Swedish manufacturer Qvantum has raised €42 million (US$45.8 million) in capital funding to accelerate the launch of its “next generation” residential propane (R290)-based heat pump, according to a statement from the company.
The new modular heat pump is designed to be an “integrated part of a local energy system,” said Qvantum, which has been developing heat pumps and heat pump-based district heating/cooling systems since 1993.
“The heat pumps are emission free, reliable and cost-efficient and will be accessible to many application fields, including in densely populated areas,” it added.
“The heat pumps are emission free, reliable and cost-efficient and will be accessible to many application fields, including in densely populated areas.”Qvantum
The first applications of the R290 heat pump platform, which will be introduced at the ISH trade show in Germany March 13–17, are designed for single-family houses and for apartments in multi-family residential systems, noted Qvantum.
“Qvantum’s R290 heat pumps are adapted to low-temperature systems and based on a modular concept that allows for a flexible use and combination of the modules, thereby addressing the complexity of customer requirements that are common for retrofit,” the company said.
Low-temperature systems, where the most suitable energy source –air, ground source, surplus heat or a combination – is used for one or several large buildings in a common low-temperature grid, are “a cost[-] and energy-efficient solution for replacement of gas in apartment or commercial buildings,” said Qvantum.
With the funding, the manufacturer also plans to finalize its new production site in Åstorp, Sweden, which has the capacity to produce up to 50,000 heat pumps per year.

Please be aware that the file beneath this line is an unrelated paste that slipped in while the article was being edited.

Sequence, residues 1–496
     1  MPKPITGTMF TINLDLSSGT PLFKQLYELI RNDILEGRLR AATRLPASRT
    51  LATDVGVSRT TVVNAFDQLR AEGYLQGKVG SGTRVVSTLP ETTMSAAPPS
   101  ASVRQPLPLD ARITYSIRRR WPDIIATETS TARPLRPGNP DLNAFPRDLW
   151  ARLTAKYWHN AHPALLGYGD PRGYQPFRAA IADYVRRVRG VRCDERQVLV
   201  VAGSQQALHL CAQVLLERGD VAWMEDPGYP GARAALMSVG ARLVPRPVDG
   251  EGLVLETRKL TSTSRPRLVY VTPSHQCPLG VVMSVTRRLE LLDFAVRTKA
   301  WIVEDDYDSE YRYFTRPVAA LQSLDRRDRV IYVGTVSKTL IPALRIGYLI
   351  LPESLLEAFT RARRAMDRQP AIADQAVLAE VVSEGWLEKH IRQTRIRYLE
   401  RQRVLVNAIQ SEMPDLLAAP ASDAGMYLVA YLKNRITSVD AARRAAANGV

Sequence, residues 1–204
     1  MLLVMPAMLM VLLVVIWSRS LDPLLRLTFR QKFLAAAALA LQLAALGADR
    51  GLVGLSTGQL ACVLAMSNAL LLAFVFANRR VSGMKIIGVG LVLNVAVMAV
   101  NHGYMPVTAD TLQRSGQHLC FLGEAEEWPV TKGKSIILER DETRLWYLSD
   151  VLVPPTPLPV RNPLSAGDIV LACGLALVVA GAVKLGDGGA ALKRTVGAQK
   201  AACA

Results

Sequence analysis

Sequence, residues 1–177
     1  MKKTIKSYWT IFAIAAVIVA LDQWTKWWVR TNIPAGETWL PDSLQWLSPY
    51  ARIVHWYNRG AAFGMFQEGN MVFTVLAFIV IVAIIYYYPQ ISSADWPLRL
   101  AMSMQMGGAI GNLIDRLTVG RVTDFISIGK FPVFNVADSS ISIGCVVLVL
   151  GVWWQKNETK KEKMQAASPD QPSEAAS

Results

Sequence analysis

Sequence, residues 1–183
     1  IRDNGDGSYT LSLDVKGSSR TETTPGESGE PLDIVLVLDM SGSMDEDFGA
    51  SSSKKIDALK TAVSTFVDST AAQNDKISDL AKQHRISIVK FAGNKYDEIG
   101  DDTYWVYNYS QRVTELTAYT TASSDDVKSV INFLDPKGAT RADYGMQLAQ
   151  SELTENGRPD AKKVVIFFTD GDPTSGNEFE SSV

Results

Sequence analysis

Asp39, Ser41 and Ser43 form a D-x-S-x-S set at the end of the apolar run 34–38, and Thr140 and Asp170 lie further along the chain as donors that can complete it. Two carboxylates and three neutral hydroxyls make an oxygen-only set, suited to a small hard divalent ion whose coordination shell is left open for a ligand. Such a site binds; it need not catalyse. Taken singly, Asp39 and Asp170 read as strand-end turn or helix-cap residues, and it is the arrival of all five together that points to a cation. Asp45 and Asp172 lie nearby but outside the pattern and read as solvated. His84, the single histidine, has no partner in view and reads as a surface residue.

“Qvantum [will] be a driving force in the decarbonization and electrification of cities across Europe by providing emission-free, reliable and affordable electric heat pumps to the mass-market,” said the company.
European demand for heat pumps
As the EU works to reduce its reliance on Russian fossil fuels and boost its climate targets, heat pumps have a significantly important role to play in the bloc’s decarbonization efforts.
According to the European Heat Pump Association, more than 2 million heat pump units were sold across Europe in 2021, up from 1.6 million the previous year. This trend is likely to continue, with the International Energy Agency (IEA) expecting the heat pump sector to grow significantly in Europe.
The growing demand for heat pumps in Europe is largely thanks to the European Commission’s ambitious REPowerEU plan, which aims to have 30 million heat pumps installed across the region by 2030.
“Qvantum is uniquely positioned to become a major player providing solutions to combat the climate crisis,” said Fredrik Rosenqvist, Qvantum’s CEO. “The heat pump market is growing exponentially, and our offering can contribute significantly to decarbonizing European cities.”
“We give people living in urban areas the chance to become fossil fuel-independent by making carbon-neutral heating easily accessible,” he added. “We can mitigate the impact of rising energy prices while accelerating the clean energy transition.”
Investing in decarbonization
Lead investors in Qvantum’s Series B round of fundraising include IMAS Foundation – a sister foundation of the INGKA Foundation, which owns IKEA’s operating group – and Munters, a multinational cooling technology manufacturer that will also enter into a “co-operation agreement” with Qvantum.
“IMAS is committed to decarbonization and is looking for investments that enable the transition towards a sustainable society and where our capital can make a difference,” said Petter Odhnoff, CEO of IMAS Foundation. “Energy transition is an important theme and Qvantum represents an interesting opportunity to support the clean transition for heating.”
“We are thrilled to have the support from professional long-term investors [that] allows us, as a firm, to develop even further and faster,” added Rosenqvist.